Public Perceptions of Whistleblowing

Milton Heumann, Al Friedes, David Redlawsk, Lance Cassak, Aniket Kesari

Research output: Contribution to journalArticle

5 Scopus citations

Abstract

This article reports the results of a two-pronged exploration of public perceptions of whistleblowing, the first using a statewide public opinion poll, and the second, a laboratory experiment in which a multistage scenario determined respondents’ support for an employee’s protest actions and their classification of the employee as a whistleblower. One substantial finding is that self-interest taints the purity of the employee’s motivation making it less likely for respondents to classify the employee as a whistleblower. The employee’s gender, the type of action protested, and whether the employee worked in the public or private sector were randomly manipulated, with no significant differences in respondents’ support or classification of whistleblowing. Implications for future research are discussed.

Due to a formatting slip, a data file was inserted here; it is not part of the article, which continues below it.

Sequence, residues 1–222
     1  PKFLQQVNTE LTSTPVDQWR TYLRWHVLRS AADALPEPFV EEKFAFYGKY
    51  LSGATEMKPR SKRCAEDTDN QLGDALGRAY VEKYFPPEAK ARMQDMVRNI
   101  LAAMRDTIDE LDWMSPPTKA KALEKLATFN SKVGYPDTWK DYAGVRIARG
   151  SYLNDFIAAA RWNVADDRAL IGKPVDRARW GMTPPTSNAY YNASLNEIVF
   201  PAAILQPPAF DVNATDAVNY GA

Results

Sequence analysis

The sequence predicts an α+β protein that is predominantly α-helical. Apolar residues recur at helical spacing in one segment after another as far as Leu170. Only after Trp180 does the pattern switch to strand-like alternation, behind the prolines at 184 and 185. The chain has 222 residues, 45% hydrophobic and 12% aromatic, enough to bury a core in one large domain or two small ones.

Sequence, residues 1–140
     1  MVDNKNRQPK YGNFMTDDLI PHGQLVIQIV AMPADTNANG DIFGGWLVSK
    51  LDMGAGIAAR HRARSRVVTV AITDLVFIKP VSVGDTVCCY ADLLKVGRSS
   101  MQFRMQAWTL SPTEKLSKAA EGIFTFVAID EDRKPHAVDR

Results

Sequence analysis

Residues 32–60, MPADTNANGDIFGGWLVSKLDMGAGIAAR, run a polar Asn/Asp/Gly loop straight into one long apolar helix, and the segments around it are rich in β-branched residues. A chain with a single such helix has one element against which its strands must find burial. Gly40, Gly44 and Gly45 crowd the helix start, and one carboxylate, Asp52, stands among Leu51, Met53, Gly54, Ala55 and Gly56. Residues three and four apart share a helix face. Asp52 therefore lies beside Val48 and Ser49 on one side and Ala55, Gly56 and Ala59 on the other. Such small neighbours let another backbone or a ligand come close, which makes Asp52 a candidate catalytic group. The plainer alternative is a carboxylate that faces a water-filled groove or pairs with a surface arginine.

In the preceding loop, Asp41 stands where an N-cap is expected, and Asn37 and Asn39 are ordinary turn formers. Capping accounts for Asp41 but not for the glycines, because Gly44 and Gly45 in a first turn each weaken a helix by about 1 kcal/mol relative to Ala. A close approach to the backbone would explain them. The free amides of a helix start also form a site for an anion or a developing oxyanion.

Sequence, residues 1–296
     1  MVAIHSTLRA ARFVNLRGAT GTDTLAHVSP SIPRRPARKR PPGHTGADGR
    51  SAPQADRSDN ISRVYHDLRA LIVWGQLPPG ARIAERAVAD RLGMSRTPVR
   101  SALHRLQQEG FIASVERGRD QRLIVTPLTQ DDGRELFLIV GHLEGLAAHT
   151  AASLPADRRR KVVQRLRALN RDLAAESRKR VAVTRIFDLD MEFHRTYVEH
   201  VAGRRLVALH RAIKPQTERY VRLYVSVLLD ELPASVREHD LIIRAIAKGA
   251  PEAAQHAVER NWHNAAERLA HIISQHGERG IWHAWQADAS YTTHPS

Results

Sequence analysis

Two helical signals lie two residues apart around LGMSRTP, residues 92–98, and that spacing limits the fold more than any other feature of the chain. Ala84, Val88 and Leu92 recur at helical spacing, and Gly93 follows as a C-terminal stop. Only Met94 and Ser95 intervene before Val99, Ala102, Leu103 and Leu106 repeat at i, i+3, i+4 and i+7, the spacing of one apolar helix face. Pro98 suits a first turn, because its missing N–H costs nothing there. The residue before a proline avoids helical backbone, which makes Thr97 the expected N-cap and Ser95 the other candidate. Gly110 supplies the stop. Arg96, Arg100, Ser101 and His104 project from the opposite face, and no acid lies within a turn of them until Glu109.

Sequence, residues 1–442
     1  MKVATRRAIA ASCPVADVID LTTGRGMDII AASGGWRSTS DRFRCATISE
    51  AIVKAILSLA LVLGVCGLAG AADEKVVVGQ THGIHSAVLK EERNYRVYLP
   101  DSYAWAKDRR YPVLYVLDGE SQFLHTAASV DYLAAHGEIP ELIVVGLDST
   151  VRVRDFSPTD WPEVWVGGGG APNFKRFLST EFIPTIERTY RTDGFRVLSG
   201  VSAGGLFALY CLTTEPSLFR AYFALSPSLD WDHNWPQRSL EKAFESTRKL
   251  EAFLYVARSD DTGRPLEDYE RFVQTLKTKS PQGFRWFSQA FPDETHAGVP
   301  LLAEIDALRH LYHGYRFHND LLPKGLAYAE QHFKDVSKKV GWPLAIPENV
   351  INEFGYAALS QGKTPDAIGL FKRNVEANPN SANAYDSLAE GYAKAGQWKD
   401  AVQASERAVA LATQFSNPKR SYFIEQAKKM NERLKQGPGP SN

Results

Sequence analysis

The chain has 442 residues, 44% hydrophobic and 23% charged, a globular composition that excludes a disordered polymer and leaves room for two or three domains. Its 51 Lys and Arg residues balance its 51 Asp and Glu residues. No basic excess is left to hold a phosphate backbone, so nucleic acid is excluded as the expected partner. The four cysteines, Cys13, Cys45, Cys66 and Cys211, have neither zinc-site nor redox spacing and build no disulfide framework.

Original languageEnglish (US)
Pages (from-to)6-24
Number of pages19
JournalPublic Integrity
Volume18
Issue number1
DOIs
StatePublished - Jan 2 2016

All Science Journal Classification (ASJC) codes

  • Business and International Management
  • Philosophy
  • Sociology and Political Science
  • Public Administration
  • Law

Keywords

  • organizational wrongdoing
  • value of whistleblowing
  • whistleblower retaliation
  • whistleblowing

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  • Cite this

    Heumann, M., Friedes, A., Redlawsk, D., Cassak, L., & Kesari, A. (2016). Public Perceptions of Whistleblowing. Public Integrity, 18(1), 6-24. https://doi.org/10.1080/10999922.2015.1093397